Current Phase III Studies for PSA Relapse

The Radiation Therapy Oncology Group completed a phase III clinical trial (RTOG 9601) comparing ART with SRT (64.6 Gy in 36 fractions) plus 2 years of a high dose bicalutamide (150 mg per day) for patients with post-RP PSA relapse. The study group included patients with PSA levels from 0.2 to 4.0 ng/ml with prostate tumors classified as either pT2pN0 and a positive surgical margin or pT3pN0. The study closed in 2003 after accruing a total of 840 patients. Its final publication is pending at present. A recent presentation at the American Society for Radiation Oncology (ASTRO) reported that at a median follow-up of 12.6 years, there was an improvement in OS of 82% for the RT plus ADT vs. 78% for the RT plus placebo patients; with a hazard ratio of 0.75 (95 percent CI: 0.58–0.98) with a two-sided p-value = 0.036. Data indicated that the addition of ADT decreased the rate of death by prostate cancer and decreased the risk of the cancer metastasizing. The 12-year incidence of prostate cancer centrally-reviewed deaths was 2.3% for the RT plus ADT group, compared to 7.5% for the radiation plus placebo group (p < 0.001). At 12 years, the cancer had metastasized in 51 patients (14%) in the RT plus ADT group, compared to 83 patients (23%) in the radiation plus placebo group (p < 0.001). Additionally, late grade 3 and grade 4 bladder and bowel side effects were similar in both groups, whereas 70% of men in the RT plus ADT reported swelling of the breasts, compared to 11% from the radiation plus placebo group (62).

Currently, the RTOG is conducting another phase III, three-arm, study (RTOG 0534) to examine the potential benefit of adding 4–6 months of ADT to SRT and to address a potential role of treating pelvic lymph nodes. The United Kingdom is conducting a phase III study called RADICALS (Radiotherapy and Androgen Deprivation in Combination After Local Surgery), and part of this study is to assess the benefit of adding 6-months or 24-months of ADT to SRT. A French group is conducting a phase III study comparing SRT with SRT plus 6-months of ADT (Clinical Trials Gov. Identifier: NCT00423475). Unfortunately, the EORTC 22043, a two-arm phase III trial, which compared 6 months of ADT concomitant to ART, closed in 2014 due to lack of patient accrual.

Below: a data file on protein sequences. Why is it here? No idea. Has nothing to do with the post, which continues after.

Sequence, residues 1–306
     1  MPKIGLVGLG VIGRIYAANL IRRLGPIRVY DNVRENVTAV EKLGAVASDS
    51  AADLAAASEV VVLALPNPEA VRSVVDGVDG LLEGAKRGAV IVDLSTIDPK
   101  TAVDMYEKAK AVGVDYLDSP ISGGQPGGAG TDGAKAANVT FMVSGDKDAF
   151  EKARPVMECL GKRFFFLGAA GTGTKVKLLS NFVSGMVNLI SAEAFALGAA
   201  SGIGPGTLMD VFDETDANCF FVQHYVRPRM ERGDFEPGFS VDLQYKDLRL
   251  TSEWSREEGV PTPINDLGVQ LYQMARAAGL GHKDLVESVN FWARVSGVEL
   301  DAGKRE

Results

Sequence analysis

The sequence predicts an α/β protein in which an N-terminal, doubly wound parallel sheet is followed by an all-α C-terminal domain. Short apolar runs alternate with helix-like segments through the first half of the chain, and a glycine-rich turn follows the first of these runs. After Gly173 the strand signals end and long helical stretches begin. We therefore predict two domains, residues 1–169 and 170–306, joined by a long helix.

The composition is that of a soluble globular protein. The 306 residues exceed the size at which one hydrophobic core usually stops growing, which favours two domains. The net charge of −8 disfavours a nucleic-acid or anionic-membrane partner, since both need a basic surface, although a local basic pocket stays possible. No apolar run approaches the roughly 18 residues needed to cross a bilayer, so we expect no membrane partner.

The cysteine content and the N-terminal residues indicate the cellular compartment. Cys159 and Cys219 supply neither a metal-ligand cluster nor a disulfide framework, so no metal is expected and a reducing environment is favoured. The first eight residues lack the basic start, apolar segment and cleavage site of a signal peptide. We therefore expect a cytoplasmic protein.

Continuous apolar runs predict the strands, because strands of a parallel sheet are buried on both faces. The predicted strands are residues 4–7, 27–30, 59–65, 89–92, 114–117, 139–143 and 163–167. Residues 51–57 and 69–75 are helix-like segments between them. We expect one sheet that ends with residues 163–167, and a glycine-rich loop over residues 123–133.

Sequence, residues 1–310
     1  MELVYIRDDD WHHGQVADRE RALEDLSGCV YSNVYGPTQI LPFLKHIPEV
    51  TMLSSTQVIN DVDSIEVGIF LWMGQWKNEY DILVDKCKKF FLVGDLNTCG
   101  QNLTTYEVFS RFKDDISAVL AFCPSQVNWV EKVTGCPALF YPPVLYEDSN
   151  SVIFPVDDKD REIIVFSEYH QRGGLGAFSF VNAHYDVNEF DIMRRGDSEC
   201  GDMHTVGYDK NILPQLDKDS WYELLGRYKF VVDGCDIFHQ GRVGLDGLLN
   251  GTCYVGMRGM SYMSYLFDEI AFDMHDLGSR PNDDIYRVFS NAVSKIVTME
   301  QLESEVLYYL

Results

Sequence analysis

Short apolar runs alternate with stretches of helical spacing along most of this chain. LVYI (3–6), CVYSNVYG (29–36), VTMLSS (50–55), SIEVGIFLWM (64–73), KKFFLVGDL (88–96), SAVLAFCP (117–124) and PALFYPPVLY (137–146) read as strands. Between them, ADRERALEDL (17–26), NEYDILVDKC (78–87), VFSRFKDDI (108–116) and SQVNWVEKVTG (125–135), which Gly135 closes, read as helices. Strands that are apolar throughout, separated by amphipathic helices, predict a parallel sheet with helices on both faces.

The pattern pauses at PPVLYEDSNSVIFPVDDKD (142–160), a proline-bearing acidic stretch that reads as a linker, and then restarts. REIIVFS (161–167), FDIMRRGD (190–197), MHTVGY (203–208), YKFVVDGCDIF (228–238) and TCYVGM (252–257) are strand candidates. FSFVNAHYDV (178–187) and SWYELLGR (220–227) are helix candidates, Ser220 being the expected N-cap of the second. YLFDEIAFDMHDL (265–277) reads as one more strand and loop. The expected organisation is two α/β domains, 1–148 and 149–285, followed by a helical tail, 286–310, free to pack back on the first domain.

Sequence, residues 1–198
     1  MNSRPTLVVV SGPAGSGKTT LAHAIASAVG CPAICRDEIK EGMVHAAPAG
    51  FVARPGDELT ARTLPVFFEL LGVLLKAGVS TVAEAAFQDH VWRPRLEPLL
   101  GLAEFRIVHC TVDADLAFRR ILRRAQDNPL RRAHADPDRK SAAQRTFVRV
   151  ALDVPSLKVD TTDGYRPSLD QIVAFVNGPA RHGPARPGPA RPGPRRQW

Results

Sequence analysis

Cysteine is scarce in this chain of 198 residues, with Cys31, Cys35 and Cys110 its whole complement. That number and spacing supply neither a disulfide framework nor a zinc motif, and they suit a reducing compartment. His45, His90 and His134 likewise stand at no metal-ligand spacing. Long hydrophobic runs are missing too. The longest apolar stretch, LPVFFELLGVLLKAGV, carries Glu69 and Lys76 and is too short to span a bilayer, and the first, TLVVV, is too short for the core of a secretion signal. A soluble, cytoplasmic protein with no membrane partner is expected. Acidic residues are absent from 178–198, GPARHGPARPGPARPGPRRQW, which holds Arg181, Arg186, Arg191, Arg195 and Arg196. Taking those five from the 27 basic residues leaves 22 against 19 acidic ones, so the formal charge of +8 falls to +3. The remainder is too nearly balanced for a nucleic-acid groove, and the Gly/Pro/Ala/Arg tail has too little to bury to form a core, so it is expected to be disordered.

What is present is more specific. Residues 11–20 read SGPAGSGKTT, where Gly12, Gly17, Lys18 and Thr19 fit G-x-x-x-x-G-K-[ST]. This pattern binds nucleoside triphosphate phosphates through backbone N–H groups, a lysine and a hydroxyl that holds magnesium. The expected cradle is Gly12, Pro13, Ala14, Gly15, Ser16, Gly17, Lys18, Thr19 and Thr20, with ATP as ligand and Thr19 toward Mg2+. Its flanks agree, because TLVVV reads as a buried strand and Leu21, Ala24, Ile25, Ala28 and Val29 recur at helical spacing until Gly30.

Radiotherapy represents a curative approach to treat prostate cancer in patients with postoperative detectable PSA. However, its efficacy is affected by the presence of adverse clinical/pathological prognostic factors. In this context, a patient with PSA relapse after RP represents a clinical dilemma. Treatment decisions have been jeopardized by a variety of retrospective trials that have used different postoperative PSA cut-off points and the lack of clear evidence demonstrating which therapeutic attitude is best, particularly in prolonging the patient’s life without significant side effects. The use of ART over observation has been proven to prolong BPFS in phase III randomized trials, but its benefit in prolonging OS has also been questioned. The challenge of managing these patients in current clinical practice will be solved in the near future when the results of different on-going randomized trials become available.

Author Contributions

FH and DB both collected the data and drafted the manuscript. DB approved the submitted version of the manuscript.

Conflict of Interest Statement

The authors declare that the research was conducted in the absence of any commercial or financial relationships that could be construed as a potential conflict of interest.


We thank our colleagues from the urology and radiotherapy units (Patrice Jichslinski, Massimo Valerio, Yannick Cerantola, Thomas Tawadros, Berardino De Bari, Jean Bourhis, and Caroline Codeluppi) for the excellent multidisciplinary patient care. We are grateful to Julia Styles and Laurence Benoit for their help in manuscript preparation.


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Keywords: adjuvant radiotherapy, prostate cancer, androgen deprivation

Citation: Herrera FG and Berthold DR (2016) Radiation Therapy after Radical Prostatectomy: Implications for Clinicians. Front. Oncol. 6:117. doi: 10.3389/fonc.2016.00117

Received: 10 February 2016; Accepted: 25 April 2016;
Published: 09 May 2016

Edited by:

Alan Dal Pra, Bern University Hospital, Switzerland

Reviewed by:

Fabio Calabro, San Camillo and Forlanini Hospitals, Italy
Kouji Izumi, Kanazawa University, Japan
Alejandro Berlin, Princess Margaret Cancer Centre, Canada

Copyright: © 2016 Herrera and Berthold. This is an open-access article distributed under the terms of the Creative Commons Attribution License (CC BY). The use, distribution or reproduction in other forums is permitted, provided the original author(s) or licensor are credited and that the original publication in this journal is cited, in accordance with accepted academic practice. No use, distribution or reproduction is permitted which does not comply with these terms.

*Correspondence: Dominik R. Berthold,